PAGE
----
by JIM ROOT
“Ball is life.” A mantra for many hoop heads, that phrase has come to represent the total devotion to basketball, whether it be watching, playing, analyzing, or taking part in any other aspect of the game.
No one better represents the way the sport can consume a person than professional basketball players. For many, the sport becomes interwoven with their identity, and really, how could it not? It takes a staggering amount of work to get to that level, even for the most physically gifted, and the pressure to maintain – and even increase – that level of commitment multiplies as the stage gets grander.
The risk, though, comes in having so much of oneself tied to such a singular focus. What if your body falters? Or, perhaps even worse, what if your mind does?
Larry Sanders knows the burden of being a professional all too well. After vastly outperforming his rookie contract with the Milwaukee Bucks, he signed a four-year, $44 million extension in 2013, and the ferocious rim protector seemed primed to be a principal reason to “Fear the Deer” for the rest of the decade.
After leading the NBA in block percentage in 2012-13, Sanders became something of a cult favorite among fans, spearheaded by his highlight reel blocked shots and sometimes-acrimonious run-ins with officials. ESPN NBA writer Zach Lowe referred to him only as “LARRY SANDERS!” in articles, and Sanders was once ejected from a game for awarding each official with an exaggerated thumbs-up gesture following a call with which he disagreed. But the 6’11 defensive star wasn’t thriving in the same way privately.
As fans, we want to believe we “know” a player based on what we see on the court. Sanders was a confident defender, constantly smiling but also quick to frustration when calls went against him. So, this must be his off-the-court personality as well, right? Happy, but a loose cannon?
“What do you really value in a person? Their honesty, their trust, their loyalty, their commitment…you can’t tell that by looking at someone jump around on TV,”
“YOU CAN SACRIFICE SO MUCH OF Y OURSELF AND BE LEFT WITH NOTHING AT THE END OF THE DA Y,” SANDERS SAID, ENCOURAGING FELLOW PLAYERS TO PUT THEMSELVES FIRST , AS WELL. “THE DA Y AFTER YOU WIN A CHAMPIONSHIP , YOU’RE GONNA FEEL LIKE THE SAME DA Y BEFORE… IT’S GONNA FADE.”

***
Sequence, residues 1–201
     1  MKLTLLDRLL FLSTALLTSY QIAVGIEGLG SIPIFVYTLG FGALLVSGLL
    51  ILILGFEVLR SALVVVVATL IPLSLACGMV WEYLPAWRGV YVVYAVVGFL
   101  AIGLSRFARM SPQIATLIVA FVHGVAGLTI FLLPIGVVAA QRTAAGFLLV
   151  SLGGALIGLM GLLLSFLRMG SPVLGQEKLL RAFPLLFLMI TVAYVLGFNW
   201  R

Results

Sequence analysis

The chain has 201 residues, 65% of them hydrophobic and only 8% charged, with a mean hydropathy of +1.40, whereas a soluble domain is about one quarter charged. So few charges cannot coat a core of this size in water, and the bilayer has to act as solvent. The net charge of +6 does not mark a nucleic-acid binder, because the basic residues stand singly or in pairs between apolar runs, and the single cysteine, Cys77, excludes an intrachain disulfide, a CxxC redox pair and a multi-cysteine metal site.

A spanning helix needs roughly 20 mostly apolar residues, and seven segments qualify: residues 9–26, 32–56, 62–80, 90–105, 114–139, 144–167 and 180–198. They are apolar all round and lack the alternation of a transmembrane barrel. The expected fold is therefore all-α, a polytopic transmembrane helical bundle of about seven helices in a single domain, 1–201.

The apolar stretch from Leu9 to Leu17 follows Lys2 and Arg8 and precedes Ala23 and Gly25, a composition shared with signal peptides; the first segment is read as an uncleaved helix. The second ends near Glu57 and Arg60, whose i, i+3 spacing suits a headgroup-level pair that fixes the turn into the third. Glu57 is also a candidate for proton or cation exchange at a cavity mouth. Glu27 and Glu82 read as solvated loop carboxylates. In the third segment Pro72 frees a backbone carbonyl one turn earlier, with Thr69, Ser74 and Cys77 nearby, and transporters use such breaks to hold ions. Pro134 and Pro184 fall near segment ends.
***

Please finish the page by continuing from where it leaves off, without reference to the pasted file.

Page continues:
-- Larry Sanders
Sanders says. And he’s right – we have no way of knowing what’s actually happening inside the heads of professional athletes, which is why
it’s so important that those athletes put themselves first, even if it may not be glamorous to do so.
Sanders ultimately had to make that decision for himself, checking himself into Rogers Memorial Hospital for anxiety, depression, and mood disorders in February 2015, leaving the game he loved because he knew he needed to prioritize his own well-being above the fleeting accomplishments of the sport.
“You can sacrifice so much of yourself and be left with nothing at the end of the day,” Sanders said, encouraging fellow players to put
themselves first, as well. “The day after you win a championship, you’re gonna feel like the same day before… it’s gonna fade.”
Iciss Tillis was always a lover of basketball, too, and her preternatural abilities only made it easier to get lost in the game. She was a high school All-American in Oklahoma, earning a scholarship at Duke University and eventually blossoming into a collegiate All-American there, as well.
She always had other interests, though. From an early age watching the O.J. Simpson court proceedings, Tillis knew she had a passion for justice. For a long stretch of her life, she put that interest on the back-burner, throwing herself into her basketball career (and doing so rather successfully). But she always felt the pull off the courtroom, wisely acknowledging to herself that hoops would not last forever.
Eventually, at age 30, Tillis hit the breaking point. She retired from basketball and immediately began to figure out how to kick-start her legal career, quickly enrolling at Texas Southern and distancing herself from the game, even as that distance pained her – and others around her. For instance, her mother had spent Tillis’ entire life closely following her daughter’s basketball career, and suddenly that connection was gone. But Tillis had to follow her heart.
“Walk in your path – or you’ll live someone else’s dream,” she says. Practicing law had been Tillis’ dream from a young age, and there’s a freedom in pursuing that, even if others may have wondered why she was walking away from the game.
Another of Tillis’ favorite axioms laments this transition period: “Athletes die twice.” She was – and still is – determined to make her “second life,” so to speak, just as fulfilling. Tillis is now a successful attorney for Jackson Lewis, and her unique perspective in the legal field
has come in handy throughout her career.
Basketball is a beautiful game. It can give opportunities to people who may not otherwise have them, and the correlation between hard work and results is tremendously satisfying, even at levels far below the professional ranks.
Like any relationship, though, the one between a player and the game should always be mutually beneficial. The connection will be better and more rewarding if the player retains an identity and a healthy state of mind outside of the sport. For Sanders and Tillis, basketball – for as much as they truly did love it – became an obstacle to something else, and each one knew that the best approach for individual happiness was to walk away.
Ball can certainly be life, but it should never be at the expense of self, and players (and coaches, scouts, etc.) must never be afraid to realize the freedom and joy that can come from the rest of life, as well.